Thousands of activists from Extinction Rebellion gathered in London last week to stage the biggest civil disobedience event in recent British history.
Extinction Rebellion is an apolitical network whose main aim is to persuade governments to take urgent action on the climate and ecological emergency. Their main tactic is peaceful, non-violent direct action.
They have three main demands:
- Tell the truth – Government must tell the truth by declaring a climate and ecological emergency, working with other institutions to communicate the urgency for change.
- Act Now – Government must act now to halt biodiversity loss and reduce greenhouse gas emissions to net zero by 2025.
- Beyond Politics – Government must create and be led by the decisions of a Citizens’ Assembly on climate and ecological justice.
Tactics over the last week in London have included a range of disparate disruptive actions such as blockading bridges, people gluing themselves to selected targets and die ins, all of this in addition to their being larger ‘people’s assemblies’ at various famous landmarks in the capital, with the usual debates, street theatrics, music, and cook-ins.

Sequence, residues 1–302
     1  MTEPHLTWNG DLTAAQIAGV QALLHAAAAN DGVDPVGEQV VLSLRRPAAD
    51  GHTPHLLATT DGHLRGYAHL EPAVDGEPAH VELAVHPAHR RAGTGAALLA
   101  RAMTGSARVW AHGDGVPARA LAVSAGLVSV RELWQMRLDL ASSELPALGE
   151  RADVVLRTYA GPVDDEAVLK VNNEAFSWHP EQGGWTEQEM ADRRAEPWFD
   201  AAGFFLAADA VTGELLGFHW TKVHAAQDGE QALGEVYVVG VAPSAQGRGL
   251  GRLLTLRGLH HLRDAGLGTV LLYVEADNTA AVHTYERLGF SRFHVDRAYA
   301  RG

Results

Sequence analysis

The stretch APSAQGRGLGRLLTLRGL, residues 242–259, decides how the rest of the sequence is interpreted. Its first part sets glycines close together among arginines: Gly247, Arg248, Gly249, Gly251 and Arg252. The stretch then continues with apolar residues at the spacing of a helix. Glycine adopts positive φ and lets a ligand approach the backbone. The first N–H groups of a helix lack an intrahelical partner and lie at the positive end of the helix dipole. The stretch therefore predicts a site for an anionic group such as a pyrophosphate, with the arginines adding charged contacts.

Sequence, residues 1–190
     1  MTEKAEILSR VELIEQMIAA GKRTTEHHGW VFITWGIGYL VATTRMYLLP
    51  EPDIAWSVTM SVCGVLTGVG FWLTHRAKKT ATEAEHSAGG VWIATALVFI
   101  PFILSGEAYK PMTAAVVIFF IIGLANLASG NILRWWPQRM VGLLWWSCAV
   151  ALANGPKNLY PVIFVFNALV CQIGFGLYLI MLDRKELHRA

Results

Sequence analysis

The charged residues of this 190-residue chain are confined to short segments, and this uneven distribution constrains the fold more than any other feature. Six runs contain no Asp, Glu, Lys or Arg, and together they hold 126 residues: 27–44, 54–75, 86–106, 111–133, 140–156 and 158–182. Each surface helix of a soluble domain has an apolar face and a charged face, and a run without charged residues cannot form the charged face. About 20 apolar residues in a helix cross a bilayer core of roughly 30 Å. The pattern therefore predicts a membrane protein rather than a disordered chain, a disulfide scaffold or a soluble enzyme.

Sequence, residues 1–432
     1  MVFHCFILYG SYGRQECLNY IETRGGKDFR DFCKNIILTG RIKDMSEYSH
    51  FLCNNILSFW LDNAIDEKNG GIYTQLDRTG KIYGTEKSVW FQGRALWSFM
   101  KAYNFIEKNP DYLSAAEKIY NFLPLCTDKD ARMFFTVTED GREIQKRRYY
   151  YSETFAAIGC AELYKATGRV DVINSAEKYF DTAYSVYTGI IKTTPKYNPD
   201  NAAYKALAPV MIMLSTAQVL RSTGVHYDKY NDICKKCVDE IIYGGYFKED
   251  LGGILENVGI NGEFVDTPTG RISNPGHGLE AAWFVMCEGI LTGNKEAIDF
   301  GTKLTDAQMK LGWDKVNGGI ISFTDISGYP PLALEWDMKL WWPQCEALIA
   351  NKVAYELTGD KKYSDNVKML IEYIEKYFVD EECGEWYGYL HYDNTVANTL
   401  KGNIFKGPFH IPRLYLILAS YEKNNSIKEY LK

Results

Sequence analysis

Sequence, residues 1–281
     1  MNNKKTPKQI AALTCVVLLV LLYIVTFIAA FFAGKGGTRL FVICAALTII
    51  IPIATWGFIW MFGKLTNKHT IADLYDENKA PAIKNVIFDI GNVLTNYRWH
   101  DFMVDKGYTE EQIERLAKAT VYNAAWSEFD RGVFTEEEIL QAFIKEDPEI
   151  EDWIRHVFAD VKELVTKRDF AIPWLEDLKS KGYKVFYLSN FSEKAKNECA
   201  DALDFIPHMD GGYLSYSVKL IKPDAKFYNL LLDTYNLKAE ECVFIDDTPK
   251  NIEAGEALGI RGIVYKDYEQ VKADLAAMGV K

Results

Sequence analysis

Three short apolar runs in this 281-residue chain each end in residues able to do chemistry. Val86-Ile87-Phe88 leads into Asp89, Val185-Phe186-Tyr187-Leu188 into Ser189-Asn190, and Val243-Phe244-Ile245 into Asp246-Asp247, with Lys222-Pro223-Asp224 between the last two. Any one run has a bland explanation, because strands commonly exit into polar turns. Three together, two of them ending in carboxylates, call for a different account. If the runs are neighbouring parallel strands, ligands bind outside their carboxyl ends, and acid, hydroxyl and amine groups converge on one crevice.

The cost to the economy is estimated to be millions of pounds, and the number of people arrested stands at over 1000, but with not one single police officer was injured during the last week’s peaceful protests.
Relevance to A-level sociology
The best fit is in with ‘globalisation and green criminology’.
Easy to understand is the fact that this is a global movement, so it’s a great example of ‘political globalisation’. NB – you may have missed this in the news, because as far as I can tell the movement started in the UK and London is by far the largest event.
In terms of green criminology – some actions of some of the protestors are illegal – criminal damage and public order offences for example, but they would claim that the ‘real criminals’ are governments around the world for failing to act on climate change.
There’s lots of other links to, but I’ll let you find them!